I'm working on producing some carboard items from Solidworks. In order to manufacture these items, I need a 2D drawing which I can supply to the laser cutters, which they will follow. It is easy enough to create items with simple shapes: outline; cutouts & extrude. And it's also very straight forward to create a drawing from such a simple 3D part. But for cardboard boxes where you'll often want to add line cuts, how can you reflect this in the drawing in Solidworks. Obviously, it's impossible to generate a feature from a line. And without a feature, you can't propagate the line into the drawing.

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So in this example the free hanging line is illegal. I'd need to convert it into a slot to create the feature properly. But what I really want is a single laser cut. Not a slot.


One work around is to just make each cut into a full cutout with a width of say 1mm. But doing that means I end up cutting twice as much and paying more. Is there a way of adding single line cuts. Perhaps by converting a sketch directly to a drawing without creating a feature first?


Dashed Cuts for bending guides... The best way to do this appears to be with a single dashed line. The goal again is to produce a simple drawing which the laser cutter will follow. The dashed line requires no interpretation. The laser cuts where there is a line, and it does not cut where there is no line! Short of actually drawing each tiny line segment, is there a way to achieve this? This is compound by the above concern, that I don't yet know how to produce a drawing that shows a 1D line, much less a colineal series of lines to produce a dashed bend line.

  • $\begingroup$ sheet metal drawing all edges of cut + cam module interpreting two edges sufficiently close as a line. its not all that hard to do dashed in full 3d either thanks to patterning. $\endgroup$
    – Abel
    Oct 8, 2021 at 12:54

1 Answer 1


Well the main problem is that a B-Rep model can not end up producing nonmanifold edges. The thing is a laser obviously has a kerf and your CAD application is intended to model the end result after cutting. Even a cut without a Kerf would produce a cavity with 4 sides. Obviously optimization like this is the CAM modules job.*

But if you must like to suggest an alternative approach just make the individual line cuts as a separate sketch entity and then include the lines in your final 2D export.

As for dashes who cares just make the line a different category and let whoever is downstream worry what different lines mean. Data is still going to go to a CAM operator (even if its you).**

Thing is your treating soldworks as a direct modeller, don't. Its an indirect modeling engine.

* Note that some operators like say LaserBoost actually tell you bluntly that you are not allowed to do these one line cuts. This also makes sense, there is really no provision in technical drawing standards for what the nonmanifold line would mean. So you would need to explain things anyway, and have huge problems if you for some reason have QC problems.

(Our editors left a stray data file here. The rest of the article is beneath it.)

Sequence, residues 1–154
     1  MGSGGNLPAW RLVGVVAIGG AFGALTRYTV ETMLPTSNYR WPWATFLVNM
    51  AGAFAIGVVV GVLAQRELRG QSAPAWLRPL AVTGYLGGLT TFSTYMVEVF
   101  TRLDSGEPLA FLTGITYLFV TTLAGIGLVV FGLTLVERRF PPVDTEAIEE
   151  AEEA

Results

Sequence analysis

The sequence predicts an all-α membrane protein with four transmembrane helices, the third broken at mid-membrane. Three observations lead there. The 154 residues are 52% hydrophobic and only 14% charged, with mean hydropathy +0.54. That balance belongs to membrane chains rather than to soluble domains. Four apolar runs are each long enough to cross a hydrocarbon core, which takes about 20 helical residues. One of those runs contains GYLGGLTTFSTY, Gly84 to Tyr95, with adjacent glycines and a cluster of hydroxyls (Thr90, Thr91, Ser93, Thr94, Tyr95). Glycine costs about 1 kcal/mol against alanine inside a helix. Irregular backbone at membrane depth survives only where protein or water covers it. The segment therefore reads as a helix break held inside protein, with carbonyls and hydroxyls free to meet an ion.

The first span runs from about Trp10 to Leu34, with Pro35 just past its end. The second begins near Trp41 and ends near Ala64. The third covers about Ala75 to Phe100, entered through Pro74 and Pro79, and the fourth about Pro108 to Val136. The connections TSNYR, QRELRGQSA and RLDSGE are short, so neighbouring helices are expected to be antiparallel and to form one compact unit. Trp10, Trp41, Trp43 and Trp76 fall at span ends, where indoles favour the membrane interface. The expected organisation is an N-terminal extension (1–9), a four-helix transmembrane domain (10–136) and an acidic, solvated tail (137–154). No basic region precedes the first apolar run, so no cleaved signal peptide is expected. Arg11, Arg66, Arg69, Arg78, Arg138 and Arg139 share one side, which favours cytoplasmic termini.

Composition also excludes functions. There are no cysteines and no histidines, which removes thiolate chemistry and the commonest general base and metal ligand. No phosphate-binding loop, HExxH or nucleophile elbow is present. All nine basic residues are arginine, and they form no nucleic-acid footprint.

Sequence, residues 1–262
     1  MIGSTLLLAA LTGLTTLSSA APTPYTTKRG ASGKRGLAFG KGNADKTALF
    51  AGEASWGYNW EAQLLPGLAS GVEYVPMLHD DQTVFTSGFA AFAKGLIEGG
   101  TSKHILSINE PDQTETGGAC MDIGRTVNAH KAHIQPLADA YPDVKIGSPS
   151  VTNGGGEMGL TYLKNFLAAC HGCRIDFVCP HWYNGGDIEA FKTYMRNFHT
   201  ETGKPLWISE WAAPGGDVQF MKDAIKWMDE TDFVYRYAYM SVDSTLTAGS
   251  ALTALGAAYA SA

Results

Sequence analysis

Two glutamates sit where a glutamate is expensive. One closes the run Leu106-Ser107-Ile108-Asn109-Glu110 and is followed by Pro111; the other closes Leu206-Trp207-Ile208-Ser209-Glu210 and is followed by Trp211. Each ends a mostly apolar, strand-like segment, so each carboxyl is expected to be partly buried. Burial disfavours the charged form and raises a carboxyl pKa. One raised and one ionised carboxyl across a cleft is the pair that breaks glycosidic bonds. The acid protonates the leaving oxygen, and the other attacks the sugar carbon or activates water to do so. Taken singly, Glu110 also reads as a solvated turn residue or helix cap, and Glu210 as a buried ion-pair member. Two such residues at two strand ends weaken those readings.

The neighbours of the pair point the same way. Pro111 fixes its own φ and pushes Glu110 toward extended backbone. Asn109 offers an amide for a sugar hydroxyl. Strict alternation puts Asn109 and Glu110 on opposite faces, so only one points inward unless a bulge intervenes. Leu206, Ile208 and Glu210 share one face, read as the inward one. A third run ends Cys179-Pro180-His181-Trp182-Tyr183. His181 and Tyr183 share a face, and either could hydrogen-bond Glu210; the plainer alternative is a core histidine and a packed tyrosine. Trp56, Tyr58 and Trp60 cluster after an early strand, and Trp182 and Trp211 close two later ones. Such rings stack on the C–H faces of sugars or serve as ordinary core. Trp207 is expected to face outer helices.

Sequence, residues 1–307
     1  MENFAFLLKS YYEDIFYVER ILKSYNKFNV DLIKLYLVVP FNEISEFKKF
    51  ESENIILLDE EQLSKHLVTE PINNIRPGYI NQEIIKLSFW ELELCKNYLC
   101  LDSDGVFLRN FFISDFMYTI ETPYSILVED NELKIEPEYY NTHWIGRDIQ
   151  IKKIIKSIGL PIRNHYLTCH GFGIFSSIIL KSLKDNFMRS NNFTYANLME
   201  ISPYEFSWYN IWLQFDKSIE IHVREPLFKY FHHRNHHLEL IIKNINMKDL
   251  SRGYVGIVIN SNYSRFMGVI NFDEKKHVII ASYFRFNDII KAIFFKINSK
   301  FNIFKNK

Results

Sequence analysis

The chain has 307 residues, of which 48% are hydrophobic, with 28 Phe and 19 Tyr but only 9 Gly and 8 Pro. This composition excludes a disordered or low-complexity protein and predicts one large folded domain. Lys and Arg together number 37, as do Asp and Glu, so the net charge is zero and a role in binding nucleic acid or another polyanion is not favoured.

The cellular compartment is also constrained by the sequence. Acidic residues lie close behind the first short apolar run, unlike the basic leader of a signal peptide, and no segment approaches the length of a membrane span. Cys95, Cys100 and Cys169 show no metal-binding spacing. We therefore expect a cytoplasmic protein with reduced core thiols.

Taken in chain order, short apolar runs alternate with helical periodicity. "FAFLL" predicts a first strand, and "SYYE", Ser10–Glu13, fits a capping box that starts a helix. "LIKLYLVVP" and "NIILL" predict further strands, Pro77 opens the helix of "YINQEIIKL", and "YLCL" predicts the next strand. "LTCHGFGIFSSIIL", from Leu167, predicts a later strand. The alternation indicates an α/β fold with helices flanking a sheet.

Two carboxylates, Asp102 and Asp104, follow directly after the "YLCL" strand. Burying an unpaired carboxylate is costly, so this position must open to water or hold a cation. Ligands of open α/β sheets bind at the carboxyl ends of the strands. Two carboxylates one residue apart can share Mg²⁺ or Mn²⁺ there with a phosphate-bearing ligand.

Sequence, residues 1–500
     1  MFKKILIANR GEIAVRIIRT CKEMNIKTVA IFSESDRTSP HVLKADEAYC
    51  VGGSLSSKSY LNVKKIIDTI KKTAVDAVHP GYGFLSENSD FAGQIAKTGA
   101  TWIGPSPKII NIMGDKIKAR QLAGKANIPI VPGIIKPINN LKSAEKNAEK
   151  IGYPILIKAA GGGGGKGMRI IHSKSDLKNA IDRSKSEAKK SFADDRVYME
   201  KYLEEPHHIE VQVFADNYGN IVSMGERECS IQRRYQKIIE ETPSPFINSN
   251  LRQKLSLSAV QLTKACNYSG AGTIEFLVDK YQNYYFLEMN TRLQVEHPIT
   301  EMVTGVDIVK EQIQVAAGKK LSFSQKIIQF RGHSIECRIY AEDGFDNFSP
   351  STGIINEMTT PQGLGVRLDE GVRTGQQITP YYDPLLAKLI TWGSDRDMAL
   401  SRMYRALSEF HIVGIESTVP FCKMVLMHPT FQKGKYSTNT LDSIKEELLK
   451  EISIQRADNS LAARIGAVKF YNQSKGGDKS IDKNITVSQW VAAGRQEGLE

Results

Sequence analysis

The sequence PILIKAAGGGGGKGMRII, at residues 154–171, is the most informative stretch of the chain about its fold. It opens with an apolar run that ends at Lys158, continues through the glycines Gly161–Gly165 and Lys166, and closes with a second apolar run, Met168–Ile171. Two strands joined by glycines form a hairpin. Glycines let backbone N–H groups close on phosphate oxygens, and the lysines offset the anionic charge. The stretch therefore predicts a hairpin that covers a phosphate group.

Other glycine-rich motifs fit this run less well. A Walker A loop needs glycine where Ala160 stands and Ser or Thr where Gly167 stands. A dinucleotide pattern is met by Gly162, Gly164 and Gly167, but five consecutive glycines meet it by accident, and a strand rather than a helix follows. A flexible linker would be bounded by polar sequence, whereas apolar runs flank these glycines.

** different layer or color etc. This way if worst comes to pass nothing in-between mangles your dashes to actual dash segments which is bad indeed. Think about categories of things not how they look on output as that's undecided in the pipeline anyway.

Your also not expecting to define starting point of cut job, cutting direction of each line in the model etc. in solidworks so there's still a lot that gets done by something/someone downstream.

  • $\begingroup$ But if I really needed to achieve the result I describe (which for various reasons, I do), is it possible? $\endgroup$
    – monkey
    Oct 28, 2021 at 19:01
  • $\begingroup$ @monkey separate sketch with no geometry. But you wont have 3D feedback. Any CAM app tough knows to convert single lines from slots. $\endgroup$
    – joojaa
    Oct 29, 2021 at 3:57
  • $\begingroup$ I'm looking at using ponoko. You need to specifically massage the files in Adobe Illustrator or else their interpretation is a cut around the edge of the feature. So, I do have to supply as exact literal file. On the point about exporting a sketch into the drawing, I had no idea that was possible. To be honest, I don't know mush about drawings, since in this day and age, does anyone still use drawings in the conventional sense with almost all manufacturing being automated directly from the 3D files??? $\endgroup$
    – monkey
    Oct 29, 2021 at 21:12
  • $\begingroup$ @monkey drawings are legal documents attached to contracts 3D models are not. Many shops can still not accept MBD files, so there is no way of specifying tolerances. Also many things are hand made, especially welded structures, which to many users is still the only way to make anything bigger than a shoe box. Then theres the documentative aspect, you need assembly instructions and specification sheets. But you in fact want a drawing since you want to export to illustrator so illustrator in loop means drawing is best bet. Note that using illustrator as CAM is common on ad industry, but sucks $\endgroup$
    – joojaa
    Oct 30, 2021 at 5:32
  • $\begingroup$ @monkey but then drawings are automated from 3D models in most applications, including solidworks. Note I deal with this daily as I operate lasers. Really sucks managing kerf in online service since you have no way of testing the fit. Why on earth dont they auto compensate. $\endgroup$
    – joojaa
    Oct 30, 2021 at 5:33

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